Wednesday, November 30, 2011

Vasily Alexeev

Record maker and breaker.

He was one of the greatest lifters in the sport of weightlifting. Here's a collection of sorts from others.

Tuesday, November 15, 2011

Understanding Research

The joy of reading journal articles.

When it comes to research I'm average at best. During undergrad I took stats for research, evaluating health programs, writing research, and worked in a research lab. I'm happy I learned a bit but there's still a lot I don't know/didn't pay attention to in class. I can however make sense of an academic paper.

Of course if you're not dealing with it for work or academics then it isn't necessary to read any research.

Then when will you encounter it? Typically, "New research shows....." from a news reporter. It's fairly common for media to pick up a new study's findings.

In the event you are affected by said "new research," here are things to keep in mind.
- One study's results does not hold substantial grounding. Rather it paves the way for more studies to be done on the subject. A large number of studies should be examined to note similar OR dissimilar findings.

- Studies are controlled and cannot be wholly externalized to the real world where variables are innumerable. To account for everything in the day-to-day isn't possible. Not only that but even certain factors within a study can't be manipulated and/or observed.

- Study design is very important! A poorly designed study will yield equally poor results. Take for instance the recent women's vitamins study. Each participant took varying supplements compared to one another. Postmenopausal women consuming iron wasn't necessary either. Consequently, the data was negatively skewed and the broad statement "vitamins are bad" was reported by many news outlets.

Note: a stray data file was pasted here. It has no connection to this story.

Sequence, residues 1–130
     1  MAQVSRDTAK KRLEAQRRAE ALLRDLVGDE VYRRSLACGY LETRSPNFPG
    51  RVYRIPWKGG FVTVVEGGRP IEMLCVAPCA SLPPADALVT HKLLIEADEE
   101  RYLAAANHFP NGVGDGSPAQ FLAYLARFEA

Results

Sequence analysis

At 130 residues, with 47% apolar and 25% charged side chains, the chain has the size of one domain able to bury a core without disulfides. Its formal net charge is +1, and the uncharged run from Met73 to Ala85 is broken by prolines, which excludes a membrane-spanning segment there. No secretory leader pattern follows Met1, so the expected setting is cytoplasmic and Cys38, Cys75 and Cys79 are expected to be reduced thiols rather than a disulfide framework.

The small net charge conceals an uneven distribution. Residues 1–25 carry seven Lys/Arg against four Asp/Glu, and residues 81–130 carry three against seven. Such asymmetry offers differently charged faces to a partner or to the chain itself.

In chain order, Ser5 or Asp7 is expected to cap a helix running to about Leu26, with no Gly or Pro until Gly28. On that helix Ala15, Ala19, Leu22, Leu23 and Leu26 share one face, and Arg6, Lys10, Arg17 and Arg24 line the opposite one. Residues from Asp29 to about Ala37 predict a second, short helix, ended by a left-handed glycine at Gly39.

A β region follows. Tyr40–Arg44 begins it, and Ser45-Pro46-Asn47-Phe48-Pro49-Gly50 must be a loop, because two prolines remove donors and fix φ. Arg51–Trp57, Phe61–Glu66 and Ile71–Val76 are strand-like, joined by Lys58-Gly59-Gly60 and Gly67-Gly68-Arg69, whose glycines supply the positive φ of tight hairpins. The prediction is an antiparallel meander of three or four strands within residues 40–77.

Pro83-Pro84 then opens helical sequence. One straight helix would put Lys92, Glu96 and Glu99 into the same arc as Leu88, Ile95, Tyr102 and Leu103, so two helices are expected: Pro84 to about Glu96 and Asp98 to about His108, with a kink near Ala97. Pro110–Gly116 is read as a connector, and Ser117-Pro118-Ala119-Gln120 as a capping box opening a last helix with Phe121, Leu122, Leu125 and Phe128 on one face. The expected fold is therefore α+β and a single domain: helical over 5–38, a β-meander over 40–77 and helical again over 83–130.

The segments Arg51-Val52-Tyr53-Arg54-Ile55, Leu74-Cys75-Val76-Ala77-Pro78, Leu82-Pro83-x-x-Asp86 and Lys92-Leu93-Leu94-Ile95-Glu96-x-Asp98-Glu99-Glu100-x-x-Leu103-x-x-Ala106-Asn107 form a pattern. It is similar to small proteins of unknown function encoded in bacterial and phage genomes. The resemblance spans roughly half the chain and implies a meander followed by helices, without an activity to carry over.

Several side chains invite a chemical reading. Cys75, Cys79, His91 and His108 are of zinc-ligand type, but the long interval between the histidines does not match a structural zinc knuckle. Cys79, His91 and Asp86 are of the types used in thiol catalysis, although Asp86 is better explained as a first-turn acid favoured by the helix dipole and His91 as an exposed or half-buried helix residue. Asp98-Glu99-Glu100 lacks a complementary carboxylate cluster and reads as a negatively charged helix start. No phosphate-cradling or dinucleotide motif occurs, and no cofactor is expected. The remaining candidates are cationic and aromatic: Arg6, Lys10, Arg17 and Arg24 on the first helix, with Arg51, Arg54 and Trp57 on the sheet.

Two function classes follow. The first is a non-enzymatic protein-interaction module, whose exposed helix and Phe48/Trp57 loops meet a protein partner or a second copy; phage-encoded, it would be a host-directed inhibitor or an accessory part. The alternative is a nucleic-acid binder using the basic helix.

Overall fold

A study should have better execution. I recall one study had two groups. The first group of men & women was split 50/50 but the second group had a contrasting 30/70. That doesn't look right does it?

- Experience has merit but the ability to have it as measurable data isn't easy. Studies provide quantified numbers easier to use and understand on an analytical scale.

- Studies can contain flaws and how a researcher or author presents the results can be biased. This is why it's important to take a look at the study itself.
Every study can be criticized. You can find studies both supporting or against a certain viewpoint. An article will you give you a brief piece of the entire study.

Use the knowledge you have to determine for yourself the meaning behind the data.
Further reading,

Wednesday, November 9, 2011

Sight Beyond Sight

Can't go wrong with Thundercats.

When taking in information everyone tends to remember the main points. However the ability to observe the most subtle details is a great asset.

"Focus on the big picture."

It's a popular saying, but instead you should try to understand everything. In doing so you can think on a more complex level to piece together various information. This provides clarity and sheds light on a situation.

When two people recount an experience they will have slight variations or notice different elements - something that didn't register to the other person. Also one person being bias for whatever reason can change how the situation is perceived. But by being more aware of the present situation and seeing things as they are, instead of one's own beliefs, you can develop more than the "bigger picture."

Phrases such as thinking outside the box or see the forest not the trees similarly attempt to do the same: forgo the minor details for the major ones.

When creating your exercise and diet regimen, don't forgo the little things like how you feel, attention to pain, utilization of time, interaction with family & friends, and other aspects of your life.

Instead focus on the full picture.
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